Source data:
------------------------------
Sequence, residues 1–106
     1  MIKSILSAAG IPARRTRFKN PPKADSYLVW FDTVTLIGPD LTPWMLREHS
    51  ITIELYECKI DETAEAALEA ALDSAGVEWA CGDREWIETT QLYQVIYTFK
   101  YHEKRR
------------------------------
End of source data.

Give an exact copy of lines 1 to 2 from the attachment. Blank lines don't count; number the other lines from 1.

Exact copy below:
Sequence, residues 1–106
     1  MIKSILSAAG IPARRTRFKN PPKADSYLVW FDTVTLIGPD LTPWMLREHS